The Australian Competition and Consumer Commission (ACCC) has taken Apple Inc. to court over alleged consumer warranty misrepresentations.
The consumer watchdog claims that Apple's move to completely "brick" or disable phones via an online update infringes on consumers' rights.
Apple allegedly disabled thousands of iPhones and iPads that were repaired by third party firms earlier in the year. The process was done through a software update, which also verified if the hardware on the devices was changed in any way. This was a particular problem for users who had their cracked screens replaced by other companies other than Apple.
According to Reuters, the complaint also included Apple's outright refusal to unlock the bricked devices due to the fact that they were serviced by non-Apple technicians. Apple had charged $228.95 to repair iPhone screens out of warranty. Due to the steep price of an official Apple repair, a large number of consumers have sought help elsewhere.
Rod Sims, ACCC chair, recently released a statement and explained that under the Australian Consumer Law, Apple does not have the right to deny its consumers rights simply because they sought repairs from a third party company. The statement also clarified the Australian Consumer Law "exists independently of any manufacturer's warranty."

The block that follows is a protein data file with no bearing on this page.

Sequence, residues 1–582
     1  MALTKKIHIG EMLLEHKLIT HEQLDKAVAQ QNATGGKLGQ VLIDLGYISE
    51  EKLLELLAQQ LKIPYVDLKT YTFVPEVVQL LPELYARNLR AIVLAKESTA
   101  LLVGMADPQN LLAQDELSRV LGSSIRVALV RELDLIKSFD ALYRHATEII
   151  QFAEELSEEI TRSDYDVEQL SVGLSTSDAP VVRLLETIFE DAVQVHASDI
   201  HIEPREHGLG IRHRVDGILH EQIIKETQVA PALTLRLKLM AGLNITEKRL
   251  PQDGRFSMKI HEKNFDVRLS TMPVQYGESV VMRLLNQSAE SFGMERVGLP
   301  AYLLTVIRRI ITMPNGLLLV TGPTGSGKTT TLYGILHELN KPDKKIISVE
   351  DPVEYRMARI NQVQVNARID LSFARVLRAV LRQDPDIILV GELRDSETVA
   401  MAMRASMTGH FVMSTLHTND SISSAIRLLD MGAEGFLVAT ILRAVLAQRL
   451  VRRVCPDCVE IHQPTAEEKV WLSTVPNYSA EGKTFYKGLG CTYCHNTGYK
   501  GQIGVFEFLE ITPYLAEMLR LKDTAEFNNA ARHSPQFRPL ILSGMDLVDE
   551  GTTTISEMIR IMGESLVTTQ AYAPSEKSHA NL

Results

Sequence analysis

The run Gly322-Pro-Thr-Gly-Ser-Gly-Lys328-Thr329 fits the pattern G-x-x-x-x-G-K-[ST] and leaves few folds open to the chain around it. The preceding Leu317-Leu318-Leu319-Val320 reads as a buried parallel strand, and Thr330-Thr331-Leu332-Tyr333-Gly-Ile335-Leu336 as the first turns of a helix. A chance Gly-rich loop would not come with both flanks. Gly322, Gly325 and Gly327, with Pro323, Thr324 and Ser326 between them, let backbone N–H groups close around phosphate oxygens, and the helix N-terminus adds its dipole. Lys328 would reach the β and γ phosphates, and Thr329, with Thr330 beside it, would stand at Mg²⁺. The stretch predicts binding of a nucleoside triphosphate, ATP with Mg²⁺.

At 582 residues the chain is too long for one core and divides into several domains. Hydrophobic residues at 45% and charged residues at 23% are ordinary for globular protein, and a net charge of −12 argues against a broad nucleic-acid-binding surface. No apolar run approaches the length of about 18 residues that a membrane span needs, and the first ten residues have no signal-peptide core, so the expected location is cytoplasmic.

According to the ACCC website, the consumer watchdog is taking the tech giant to Federal Court and is seeking fines, corrective notices, and injunctions for their recent actions. Apple currently does not provide any replacements or free repairs for phones that have been affected.
Sims said denying a consumer his or her consumer guarantee rights simply because he or she had chosen a third party repairer not only impacts those consumers but can dissuade other customers from making informed choices about their repair options including where they may be offered at lower cost than the manufacturer.
"As consumer goods become increasingly complex, businesses also need to remember that consumer rights extend to any software or software updates loaded onto those goods. Faults with software or software updates may entitle consumers to a free remedy under the Australian Consumer Law," he said.